The first phase of the double survey on employment and the informal sector was presented to the public yesterday in Yaounde. Conducted by the National Institute of Statistics, the survey set out to provide government and other stakeholders with reliable information on the employment market as well as the informal sector. The results of the survey are expected to help government formulate policies and strategies to promote employment and better absorb a good number of Cameroonians into the mainstream of the economy.
Results of the survey on employment are quite disturbing. According to the Director of Statistics, Joseph Tedou, who spearheaded the research, unemployment rate in Cameroon stands at 9.3 per cent. In the same vein, underemployment rate was found to be 68.8 per cent. Youths of between 20 to 29 years old are the most affected. Other affected groups include women and university graduates. The latter group is swimming in an unemployment rate of 36.5 per cent. The Minister of State for Planning, Programming and Regional Development, Augustin Frédéric Kodock, who presided at the presentation ceremony expressed worry over the results, stating that government will use them to conceive projects that will help attenuate growing unemployment in Cameroon. He regretted that a university degree is no longer a passport for getting employment. Against this backdrop, and taking into consideration the strategic place given to employment in the Poverty Reduction Strategy Paper (PRSP) by government within the framework of the Heavily Indebted Poor Country (HIPC) Initiative, Mr. Kodock underscored the necessity to take action. This, he said could be by strengthening the purchasing power of Cameroonians so as to spur consumption. He said salary increase may not give a lasting solution to the problem, but that it was however imperative to step up salaries as contribution to solving the problem.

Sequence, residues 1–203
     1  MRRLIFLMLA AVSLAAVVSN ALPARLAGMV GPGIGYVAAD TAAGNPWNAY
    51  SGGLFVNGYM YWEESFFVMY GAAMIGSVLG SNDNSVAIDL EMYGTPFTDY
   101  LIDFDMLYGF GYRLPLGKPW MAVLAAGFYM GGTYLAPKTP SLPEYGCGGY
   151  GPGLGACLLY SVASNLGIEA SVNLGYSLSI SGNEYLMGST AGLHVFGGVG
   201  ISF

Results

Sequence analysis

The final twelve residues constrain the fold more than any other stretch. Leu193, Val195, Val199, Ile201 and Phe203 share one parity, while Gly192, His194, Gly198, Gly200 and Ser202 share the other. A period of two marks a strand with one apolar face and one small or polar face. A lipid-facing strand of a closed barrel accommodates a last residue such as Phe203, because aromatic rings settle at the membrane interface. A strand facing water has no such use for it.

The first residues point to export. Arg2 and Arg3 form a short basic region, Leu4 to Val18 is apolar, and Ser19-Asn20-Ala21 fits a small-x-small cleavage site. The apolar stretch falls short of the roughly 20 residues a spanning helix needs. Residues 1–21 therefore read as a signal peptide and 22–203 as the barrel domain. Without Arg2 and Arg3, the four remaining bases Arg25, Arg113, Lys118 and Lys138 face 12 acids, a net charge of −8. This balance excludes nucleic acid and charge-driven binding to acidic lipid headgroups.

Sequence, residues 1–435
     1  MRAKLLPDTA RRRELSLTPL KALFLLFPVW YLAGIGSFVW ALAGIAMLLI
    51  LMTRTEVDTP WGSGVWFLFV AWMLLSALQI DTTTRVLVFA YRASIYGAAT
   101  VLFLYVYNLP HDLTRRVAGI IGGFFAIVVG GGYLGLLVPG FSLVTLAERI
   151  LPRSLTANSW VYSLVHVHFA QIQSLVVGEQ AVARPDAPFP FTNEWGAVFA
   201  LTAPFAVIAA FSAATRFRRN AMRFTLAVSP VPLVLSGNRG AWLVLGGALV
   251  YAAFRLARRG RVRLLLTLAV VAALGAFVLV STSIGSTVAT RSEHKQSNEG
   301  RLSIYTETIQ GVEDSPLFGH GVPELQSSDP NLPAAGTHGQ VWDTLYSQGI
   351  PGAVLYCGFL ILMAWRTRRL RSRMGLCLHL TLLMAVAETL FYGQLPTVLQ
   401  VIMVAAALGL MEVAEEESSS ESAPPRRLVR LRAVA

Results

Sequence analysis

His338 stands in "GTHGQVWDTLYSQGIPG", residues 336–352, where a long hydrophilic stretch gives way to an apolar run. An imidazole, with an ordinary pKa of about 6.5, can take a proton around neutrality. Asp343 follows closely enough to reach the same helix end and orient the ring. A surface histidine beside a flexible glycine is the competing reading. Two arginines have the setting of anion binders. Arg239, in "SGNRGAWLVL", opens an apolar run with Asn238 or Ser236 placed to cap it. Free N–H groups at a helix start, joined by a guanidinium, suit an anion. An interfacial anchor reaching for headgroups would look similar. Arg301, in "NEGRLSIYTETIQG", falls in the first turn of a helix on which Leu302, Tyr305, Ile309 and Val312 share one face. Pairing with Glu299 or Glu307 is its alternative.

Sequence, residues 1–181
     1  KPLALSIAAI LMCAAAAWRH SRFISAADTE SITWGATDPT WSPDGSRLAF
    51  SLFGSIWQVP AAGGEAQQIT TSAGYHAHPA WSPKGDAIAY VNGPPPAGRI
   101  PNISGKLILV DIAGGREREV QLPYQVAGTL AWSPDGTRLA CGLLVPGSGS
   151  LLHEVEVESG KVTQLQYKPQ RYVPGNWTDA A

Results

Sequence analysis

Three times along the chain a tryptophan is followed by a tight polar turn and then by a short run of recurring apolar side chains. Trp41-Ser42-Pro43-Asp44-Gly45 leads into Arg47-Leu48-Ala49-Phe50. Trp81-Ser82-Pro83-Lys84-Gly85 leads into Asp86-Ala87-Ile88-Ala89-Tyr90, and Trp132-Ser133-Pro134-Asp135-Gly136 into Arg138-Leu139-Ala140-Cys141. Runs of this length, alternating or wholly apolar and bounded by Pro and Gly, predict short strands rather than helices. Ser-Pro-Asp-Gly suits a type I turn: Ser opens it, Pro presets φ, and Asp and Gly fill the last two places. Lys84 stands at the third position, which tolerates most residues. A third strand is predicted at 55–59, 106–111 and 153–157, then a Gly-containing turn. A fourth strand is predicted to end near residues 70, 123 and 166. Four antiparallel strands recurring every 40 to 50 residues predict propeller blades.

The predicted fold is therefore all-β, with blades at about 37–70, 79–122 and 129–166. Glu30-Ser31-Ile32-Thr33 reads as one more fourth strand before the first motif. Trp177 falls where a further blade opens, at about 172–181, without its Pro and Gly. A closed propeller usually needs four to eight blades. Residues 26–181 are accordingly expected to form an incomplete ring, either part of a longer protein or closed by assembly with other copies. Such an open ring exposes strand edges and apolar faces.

The results of the research portray the informal sector as contributing greatly in absorbing the unemployed. The report however states that those employed in the informal sector are poorly paid. The survey was carried out in 12 zones of the national territory. These are: the ten provinces and the two big cities of Yaounde and Douala. The final report makes three major proposals, including the necessity to build the capacity of organisations in charge of employment such as the National Employment Fund and encourage the private sector, particularly small and medium size enterprises to create more jobs.